Putting Prevention into Practice

An Evidence-Based Approach

Healthy Diet and Physical Activity for Cardiovascular Disease Prevention in Adults with Cardiovascular Risk Factors

 

Am Fam Physician. 2021 Oct ;104(4):411-412.

Author disclosure: No relevant financial affiliations.

Case Study

A 36-year-old patient, L.B., with a history of hypertension presents for a wellness visit. The patient's mother had a stroke at 65 years of age and the patient's older brother recently had a heart attack. L.B. has an estimated 10-year cardiovascular risk of 6%, and L.B.'s body mass index is 29 kg per m2. The rest of the patient's history and physical examination is unremarkable.

Case Study Questions

1. According to the U.S. Preventive Services Task Force (USPSTF), which one of the following is the most appropriate behavioral counseling approach to promote a healthy diet and physical activity to prevent cardiovascular disease?

  • A. Providing educational materials on healthy eating and ways to improve physical activity level.

  • B. No counseling should be provided because there is little to no net benefit of counseling for this patient.

  • C. Providing a one-time, in-office counseling visit on healthy eating and physical activity, with motivational interviewing techniques and goal setting.

  • D. Providing intensive behavioral counseling on healthy eating and physical activity, with multiple contacts over an extended period.

2. The USPSTF recommends offering behavioral counseling for cardiovascular disease prevention to patients with which one of the following cardiovascular risk factors?

  • A. Abnormal blood glucose level.

  • B. Obesity.

  • C. Smoking.

  • D. Estimated 10-year cardiovascular risk of 7.5% or greater.

3. According to the USPSTF, which of the following statements about benefits and harms of behavioral counseling to promote a healthy diet and physical activity are correct?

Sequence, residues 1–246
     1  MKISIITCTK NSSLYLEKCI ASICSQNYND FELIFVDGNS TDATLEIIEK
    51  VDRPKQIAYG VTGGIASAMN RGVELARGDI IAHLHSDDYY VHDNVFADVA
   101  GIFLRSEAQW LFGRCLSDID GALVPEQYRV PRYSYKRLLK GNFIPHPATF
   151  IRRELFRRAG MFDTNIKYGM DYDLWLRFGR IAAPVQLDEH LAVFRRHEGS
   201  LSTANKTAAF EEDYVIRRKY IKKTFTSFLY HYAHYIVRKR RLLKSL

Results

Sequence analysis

• A. There is inadequate evidence that counseling interventions improve blood pressure.

  • B. There is adequate evidence that counseling interventions improve healthy eating habits.

  • C. There is adequate evidence that counseling interventions reduce overall cardiovascular disease events.

  • D. There is inadequate evidence to determine the harms of counseling interventions.

Answers

  1. The correct answer is D. The USPSTF recommends

Author disclosure: No relevant financial affiliations.

References

1. Krist AH, Davidson KW, Mangione CM, et al. Behavioral counseling interventions to promote a healthy diet and physical activity for cardiovascular disease prevention in adults with cardiovascular risk factors: US Preventive Services Task Force recommendation statement. JAMA. 2020;324(20):2069–2075.

2. O'Connor EA, Evans CV, Rushkin MC, et al. Behavioral counseling to promote a healthy diet and physical activity for cardiovascular disease prevention in adults with cardiovascular risk factors: updated evidence report and systematic review for the US Preventive Services Task Force. JAMA. 2020;324(20):2076–2094.

See related U.S. Preventive Services Task Force Recommendation Statement at https://www.aafp.org/afp/2021/0315/p366.html.

This PPIP quiz is based on the recommendations of the USPSTF. More information is available in the USPSTF Recommendation Statement and supporting documents on the USPSTF website (https://www.uspreventiveservicestaskforce.org). The practice recommendations in this activity are available at https://www.uspreventiveservicestaskforce.org/uspstf/recommendation/healthy-diet-and-physical-activity-counseling-adults-with-high-risk-of-cvd.

This series is coordinated by Kenny Lin, MD, MPH, deputy editor.

A collection of Putting Prevention into Practice published in AFP is available at https://www.aafp.org/afp/ppip.

 

 

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